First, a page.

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    Agreement to Reduce Data Transfer and Localization Barriers

    Feb 10, 2016

    Trade ministers from 12 Pacific Rim countries, including the United States, Canada, Mexico, and Japan, formally signed the Trans-Pacific Partnership (TPP) trade agreement in Auckland, New Zealand, on February 2, kicking off a ratification process fraught with uncertainty in the U.S. Congress. If ratified, the agreement will reduce barriers to trade, including data transfer limitations and forced technology localization policies that limit the free flow of the global information and data that drive the digital economy.

    President Obama is hoping to submit the TPP agreement to Congress for ratification in 2016.  However, in addition to facing opposition from members of Congress in both political parties, there are several requirements the president must meet before it can be considered for approval. 

    Under the terms of his trade promotion authority, which allows a straight up or down vote on the agreement without amendment, the president has 60 days after the trade pact is signed to submit to Congress a description of the changes in U.S. law needed to implement the commitments in the agreement. The president must also submit to Congress the final legal text of the agreement along with draft legislation implementing the agreement, a statement of administrative action proposed to implement the agreement, and other supporting information.

    “No one should be under any illusions that, because the TPP is being signed today, an up or down vote on the agreement is imminent or that our oversight responsibilities are at an end,” said Sen. Orrin Hatch (R-Utah), chairman of the Senate Finance Committee, which has jurisdiction over the agreement. “If history has taught us anything, it’s that this process can, and often does, take a very long time to complete. In fact, it’s not an exaggeration – or even all that remarkable – to say that it can take years to get an agreement through Congress after it is signed.”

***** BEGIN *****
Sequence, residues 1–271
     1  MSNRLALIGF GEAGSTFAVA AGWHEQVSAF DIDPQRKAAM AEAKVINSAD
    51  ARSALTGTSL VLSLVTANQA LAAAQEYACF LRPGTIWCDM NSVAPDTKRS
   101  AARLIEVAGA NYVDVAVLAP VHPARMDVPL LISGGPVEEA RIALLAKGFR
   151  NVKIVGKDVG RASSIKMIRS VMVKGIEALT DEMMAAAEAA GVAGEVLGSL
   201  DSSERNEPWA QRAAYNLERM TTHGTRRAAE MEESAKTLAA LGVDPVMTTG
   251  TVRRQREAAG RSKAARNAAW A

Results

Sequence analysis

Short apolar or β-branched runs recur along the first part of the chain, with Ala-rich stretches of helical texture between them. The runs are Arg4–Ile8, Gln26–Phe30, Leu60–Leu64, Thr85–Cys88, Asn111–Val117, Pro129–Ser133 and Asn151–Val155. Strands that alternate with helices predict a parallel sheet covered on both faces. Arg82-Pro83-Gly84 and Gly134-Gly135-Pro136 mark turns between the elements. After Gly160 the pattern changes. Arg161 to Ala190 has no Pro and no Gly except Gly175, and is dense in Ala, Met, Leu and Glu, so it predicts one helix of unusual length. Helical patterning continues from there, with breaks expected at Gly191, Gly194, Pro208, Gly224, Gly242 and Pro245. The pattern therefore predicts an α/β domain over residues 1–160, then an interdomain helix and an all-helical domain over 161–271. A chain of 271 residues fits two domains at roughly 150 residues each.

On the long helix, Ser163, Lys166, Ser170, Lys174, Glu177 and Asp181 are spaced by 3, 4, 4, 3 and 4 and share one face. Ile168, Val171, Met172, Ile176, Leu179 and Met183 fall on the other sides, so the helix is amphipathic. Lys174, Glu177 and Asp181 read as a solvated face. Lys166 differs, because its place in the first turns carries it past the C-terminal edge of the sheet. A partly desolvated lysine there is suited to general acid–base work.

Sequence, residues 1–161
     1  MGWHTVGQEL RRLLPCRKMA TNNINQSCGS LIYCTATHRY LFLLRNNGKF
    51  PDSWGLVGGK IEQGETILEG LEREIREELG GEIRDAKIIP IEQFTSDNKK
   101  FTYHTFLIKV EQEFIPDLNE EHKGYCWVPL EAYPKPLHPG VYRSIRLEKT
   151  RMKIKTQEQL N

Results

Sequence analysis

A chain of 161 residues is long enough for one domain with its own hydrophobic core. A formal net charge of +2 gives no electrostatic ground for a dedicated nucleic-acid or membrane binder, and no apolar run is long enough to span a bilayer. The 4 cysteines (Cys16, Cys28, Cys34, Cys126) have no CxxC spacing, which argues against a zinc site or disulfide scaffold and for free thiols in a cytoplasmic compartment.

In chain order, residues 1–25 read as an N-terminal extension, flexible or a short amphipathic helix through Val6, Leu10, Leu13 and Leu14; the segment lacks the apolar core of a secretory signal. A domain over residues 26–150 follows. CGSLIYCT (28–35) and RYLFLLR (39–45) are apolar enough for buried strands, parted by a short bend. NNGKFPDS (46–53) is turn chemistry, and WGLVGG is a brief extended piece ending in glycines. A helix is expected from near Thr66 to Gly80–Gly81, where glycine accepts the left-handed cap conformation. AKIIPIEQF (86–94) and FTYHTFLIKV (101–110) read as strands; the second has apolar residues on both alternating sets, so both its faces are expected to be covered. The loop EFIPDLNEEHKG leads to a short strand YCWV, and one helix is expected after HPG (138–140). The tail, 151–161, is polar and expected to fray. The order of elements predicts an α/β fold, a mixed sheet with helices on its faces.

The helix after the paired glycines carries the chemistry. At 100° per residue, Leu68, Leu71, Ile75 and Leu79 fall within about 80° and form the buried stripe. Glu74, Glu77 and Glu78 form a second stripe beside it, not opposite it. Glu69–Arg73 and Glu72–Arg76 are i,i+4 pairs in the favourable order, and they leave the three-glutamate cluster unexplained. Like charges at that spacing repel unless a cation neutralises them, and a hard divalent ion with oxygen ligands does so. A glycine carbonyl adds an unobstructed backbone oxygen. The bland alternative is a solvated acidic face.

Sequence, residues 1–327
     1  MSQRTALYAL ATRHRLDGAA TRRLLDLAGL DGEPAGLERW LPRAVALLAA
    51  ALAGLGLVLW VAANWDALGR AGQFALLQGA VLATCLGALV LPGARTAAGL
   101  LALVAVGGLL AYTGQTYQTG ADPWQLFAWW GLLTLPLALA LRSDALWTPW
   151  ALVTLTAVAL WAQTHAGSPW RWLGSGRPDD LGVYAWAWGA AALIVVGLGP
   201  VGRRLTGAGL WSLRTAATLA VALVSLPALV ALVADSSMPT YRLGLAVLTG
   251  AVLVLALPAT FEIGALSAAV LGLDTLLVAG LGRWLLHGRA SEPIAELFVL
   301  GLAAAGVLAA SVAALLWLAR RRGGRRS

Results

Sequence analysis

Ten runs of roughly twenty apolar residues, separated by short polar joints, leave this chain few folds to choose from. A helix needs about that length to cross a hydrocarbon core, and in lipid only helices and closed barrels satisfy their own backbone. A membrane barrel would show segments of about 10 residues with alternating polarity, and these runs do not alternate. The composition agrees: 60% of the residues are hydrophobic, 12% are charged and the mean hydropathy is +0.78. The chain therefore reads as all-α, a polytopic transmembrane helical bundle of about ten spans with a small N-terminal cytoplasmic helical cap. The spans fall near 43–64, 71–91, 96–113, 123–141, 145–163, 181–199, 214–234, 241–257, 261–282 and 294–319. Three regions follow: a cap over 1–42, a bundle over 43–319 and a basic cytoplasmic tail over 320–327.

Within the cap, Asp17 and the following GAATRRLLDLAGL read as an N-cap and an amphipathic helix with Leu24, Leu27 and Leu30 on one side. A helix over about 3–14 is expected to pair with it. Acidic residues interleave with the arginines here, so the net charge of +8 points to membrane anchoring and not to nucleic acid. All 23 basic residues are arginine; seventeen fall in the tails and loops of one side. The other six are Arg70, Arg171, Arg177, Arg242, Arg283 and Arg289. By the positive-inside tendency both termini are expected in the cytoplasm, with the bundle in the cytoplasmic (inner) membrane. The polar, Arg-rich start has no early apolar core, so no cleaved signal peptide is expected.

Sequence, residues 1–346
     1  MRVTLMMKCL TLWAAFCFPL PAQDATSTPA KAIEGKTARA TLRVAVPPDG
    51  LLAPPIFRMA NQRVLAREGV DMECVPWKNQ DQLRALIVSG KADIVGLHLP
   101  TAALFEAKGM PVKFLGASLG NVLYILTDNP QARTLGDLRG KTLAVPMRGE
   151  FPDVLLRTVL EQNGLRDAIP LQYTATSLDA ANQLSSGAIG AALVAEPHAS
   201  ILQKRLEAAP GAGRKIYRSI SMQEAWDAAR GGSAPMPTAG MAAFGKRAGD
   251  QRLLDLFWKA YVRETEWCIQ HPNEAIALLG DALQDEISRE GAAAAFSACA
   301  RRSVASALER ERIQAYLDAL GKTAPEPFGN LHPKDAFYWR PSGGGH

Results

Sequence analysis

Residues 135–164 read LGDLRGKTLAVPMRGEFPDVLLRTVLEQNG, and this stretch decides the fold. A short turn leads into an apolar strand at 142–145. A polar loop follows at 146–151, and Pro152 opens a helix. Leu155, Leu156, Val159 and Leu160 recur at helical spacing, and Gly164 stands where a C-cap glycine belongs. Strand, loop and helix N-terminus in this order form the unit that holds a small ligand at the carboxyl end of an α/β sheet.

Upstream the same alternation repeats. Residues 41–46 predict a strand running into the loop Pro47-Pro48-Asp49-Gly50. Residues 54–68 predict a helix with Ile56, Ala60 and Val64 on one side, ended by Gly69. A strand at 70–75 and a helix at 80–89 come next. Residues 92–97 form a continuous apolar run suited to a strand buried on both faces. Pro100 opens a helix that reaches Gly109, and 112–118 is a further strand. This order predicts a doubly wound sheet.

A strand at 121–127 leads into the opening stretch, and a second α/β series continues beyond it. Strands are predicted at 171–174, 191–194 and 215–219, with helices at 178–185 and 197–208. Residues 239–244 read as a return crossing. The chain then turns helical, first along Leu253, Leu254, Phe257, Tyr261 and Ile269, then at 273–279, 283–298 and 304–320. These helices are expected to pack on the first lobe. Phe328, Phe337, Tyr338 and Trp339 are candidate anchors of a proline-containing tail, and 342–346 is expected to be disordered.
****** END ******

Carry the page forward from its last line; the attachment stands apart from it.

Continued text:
Among the many negotiating objectives required to be included in the agreement are the elimination and prevention of policies in other countries that require U.S. producers and service providers to locate facilities, intellectual property, or other assets in a country as a condition of market access or investment.

    The electronic commerce chapter of the agreement requires participating countries to “allow the cross-border transfer of information by electronic means, including personal information, when this activity is for the conduct of the business.” It prohibits a country from requiring a company to locate its computing facilities in that country as a condition for conducting business in that country.

    The privacy provisions, however, appear to create potential loopholes in the provisions limiting restrictions on data transfer and localization. For example, the agreement calls on participants to respect differences in how countries provide protections for personal information and to acknowledge that a country “may have its own regulatory requirements regarding the use of computing facilities, including requirements that seek to ensure the security and confidentiality of communications.”  

    Overall, however, the agreement is seen as pivotal to the growth of digital trade.

    “By committing parties to protecting free cross-border data flows and prohibiting countries from requiring that their citizens’ data be stored on local servers, the TPP agreement ensures information technology will remain the principal driver of modern economic growth,” wrote Stephen Ezell of the Information Technology and Innovation Foundation in an online statement when the agreement was announced in October. “In addition, the new protections against trade secret theft help ensure that future generations of technological innovation continue to drive a robust global economy.”

    The Washington Policy Brief is an online advisory that contains brief summaries of recent legislative and regulatory issues that may affect the records and information management profession. Further information about the issue is accessed by clicking on the link provided at the end of each summary.

     

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